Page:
Improving estimates of diving lung volume in air-breathing marine vertebrates [COMMENTARY]

Andreas Fahlman, Katsufumi Sato, and Patrick Miller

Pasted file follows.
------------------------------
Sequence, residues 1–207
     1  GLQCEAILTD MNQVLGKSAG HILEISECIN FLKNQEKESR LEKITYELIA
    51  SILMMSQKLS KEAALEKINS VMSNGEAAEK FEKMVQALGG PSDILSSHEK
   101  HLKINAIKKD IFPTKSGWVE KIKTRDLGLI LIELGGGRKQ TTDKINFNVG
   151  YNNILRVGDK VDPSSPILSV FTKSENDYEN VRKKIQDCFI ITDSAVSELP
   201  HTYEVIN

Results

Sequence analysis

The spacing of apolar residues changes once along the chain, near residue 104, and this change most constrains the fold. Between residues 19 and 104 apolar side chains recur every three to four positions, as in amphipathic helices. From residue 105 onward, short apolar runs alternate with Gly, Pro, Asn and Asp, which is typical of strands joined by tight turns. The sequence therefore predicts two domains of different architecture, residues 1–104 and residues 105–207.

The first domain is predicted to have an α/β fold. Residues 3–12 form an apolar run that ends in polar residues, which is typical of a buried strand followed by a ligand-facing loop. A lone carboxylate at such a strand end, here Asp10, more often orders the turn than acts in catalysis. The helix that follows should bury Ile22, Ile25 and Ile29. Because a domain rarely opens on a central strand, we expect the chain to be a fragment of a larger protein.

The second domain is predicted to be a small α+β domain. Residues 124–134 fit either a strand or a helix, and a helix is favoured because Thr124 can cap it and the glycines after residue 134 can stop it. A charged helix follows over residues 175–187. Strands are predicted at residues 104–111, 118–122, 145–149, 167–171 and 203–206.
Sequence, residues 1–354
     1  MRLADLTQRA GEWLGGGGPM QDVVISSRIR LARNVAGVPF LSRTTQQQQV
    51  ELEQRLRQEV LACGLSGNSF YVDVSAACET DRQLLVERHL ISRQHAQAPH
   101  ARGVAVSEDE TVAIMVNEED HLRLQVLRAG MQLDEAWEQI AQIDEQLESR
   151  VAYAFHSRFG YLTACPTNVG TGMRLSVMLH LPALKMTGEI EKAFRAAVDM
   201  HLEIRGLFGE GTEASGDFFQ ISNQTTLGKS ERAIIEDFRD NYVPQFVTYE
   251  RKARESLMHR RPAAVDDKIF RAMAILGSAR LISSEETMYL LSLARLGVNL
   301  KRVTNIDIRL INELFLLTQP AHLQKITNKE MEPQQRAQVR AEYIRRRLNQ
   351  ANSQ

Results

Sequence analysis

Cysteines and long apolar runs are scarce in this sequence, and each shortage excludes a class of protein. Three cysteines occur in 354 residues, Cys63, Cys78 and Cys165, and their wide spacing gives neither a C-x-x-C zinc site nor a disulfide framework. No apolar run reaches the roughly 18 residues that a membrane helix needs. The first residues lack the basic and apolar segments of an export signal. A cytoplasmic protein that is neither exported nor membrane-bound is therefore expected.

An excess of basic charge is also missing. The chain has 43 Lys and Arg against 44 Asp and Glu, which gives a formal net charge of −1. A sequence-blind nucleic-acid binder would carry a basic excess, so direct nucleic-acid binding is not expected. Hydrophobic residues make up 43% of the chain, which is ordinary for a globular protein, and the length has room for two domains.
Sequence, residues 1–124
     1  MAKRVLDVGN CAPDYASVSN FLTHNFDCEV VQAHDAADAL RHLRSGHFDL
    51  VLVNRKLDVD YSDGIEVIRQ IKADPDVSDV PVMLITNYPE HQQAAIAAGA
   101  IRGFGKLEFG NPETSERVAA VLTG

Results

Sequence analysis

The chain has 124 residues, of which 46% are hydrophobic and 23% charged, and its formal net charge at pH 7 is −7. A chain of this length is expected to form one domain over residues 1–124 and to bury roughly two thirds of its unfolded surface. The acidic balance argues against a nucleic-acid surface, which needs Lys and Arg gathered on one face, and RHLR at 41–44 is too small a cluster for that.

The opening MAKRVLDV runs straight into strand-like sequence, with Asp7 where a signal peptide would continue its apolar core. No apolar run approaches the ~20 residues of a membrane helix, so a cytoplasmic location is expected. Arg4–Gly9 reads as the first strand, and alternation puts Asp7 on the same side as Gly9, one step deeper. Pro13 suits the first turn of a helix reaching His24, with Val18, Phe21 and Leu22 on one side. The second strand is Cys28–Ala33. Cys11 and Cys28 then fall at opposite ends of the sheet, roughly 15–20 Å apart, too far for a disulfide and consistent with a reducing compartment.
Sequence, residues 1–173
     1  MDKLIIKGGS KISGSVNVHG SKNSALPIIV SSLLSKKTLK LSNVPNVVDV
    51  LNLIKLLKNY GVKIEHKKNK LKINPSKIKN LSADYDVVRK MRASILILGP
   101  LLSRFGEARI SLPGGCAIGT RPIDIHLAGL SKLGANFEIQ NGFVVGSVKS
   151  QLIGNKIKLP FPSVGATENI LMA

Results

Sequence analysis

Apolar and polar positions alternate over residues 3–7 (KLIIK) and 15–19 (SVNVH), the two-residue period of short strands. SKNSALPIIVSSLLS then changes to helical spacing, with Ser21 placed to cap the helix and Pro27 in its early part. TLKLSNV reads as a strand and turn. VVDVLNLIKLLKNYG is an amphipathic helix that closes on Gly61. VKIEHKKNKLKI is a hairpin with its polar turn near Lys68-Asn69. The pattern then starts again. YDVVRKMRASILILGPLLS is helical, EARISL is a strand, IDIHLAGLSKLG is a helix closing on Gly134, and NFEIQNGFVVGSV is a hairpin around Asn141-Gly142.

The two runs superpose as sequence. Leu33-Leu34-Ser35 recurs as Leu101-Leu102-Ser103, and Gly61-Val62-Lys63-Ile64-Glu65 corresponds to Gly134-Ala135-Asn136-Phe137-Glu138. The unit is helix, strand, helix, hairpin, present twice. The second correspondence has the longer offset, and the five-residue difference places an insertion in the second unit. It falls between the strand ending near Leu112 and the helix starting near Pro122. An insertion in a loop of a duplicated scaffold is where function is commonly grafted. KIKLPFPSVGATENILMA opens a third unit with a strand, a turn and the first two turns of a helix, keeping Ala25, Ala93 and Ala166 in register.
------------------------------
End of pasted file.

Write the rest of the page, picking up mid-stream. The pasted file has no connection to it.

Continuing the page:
The air volume in the respiratory system of marine tetrapods provides a store of O2 to fuel aerobic metabolism during dives; however, it can also be a liability, as the associated N2 can increase the risk of decompression sickness. In order to more fully understand the physiological limitations of different air-breathing marine vertebrates, it is therefore important to be able to accurately estimate the air volume in the respiratory system during diving. One method that has been used to do so is to calculate the air volume from glide phases – periods of movement during which no thrust is produced by the animal – which many species conduct during ascent periods, when gases are expanding owing to decreasing hydrostatic pressure. This method assumes that there is conservation of mass in the respiratory system, with volume changes only driven by pressure. In this Commentary, we use previously published data to argue that both the respiratory quotient and differences in tissue and blood gas solubility potentially alter the mass balance in the respiratory system throughout a dive. Therefore, near the end of a dive, the measured volume of gas at a given pressure may be 12–50% less than from the start of the dive; the actual difference will depend on the length of the dive, the cardiac output, the pulmonary shunt and the metabolic rate. Novel methods and improved understanding of diving physiology will be required to verify the size of the effects described here and to more accurately estimate the volume of gas inhaled at the start of a dive.

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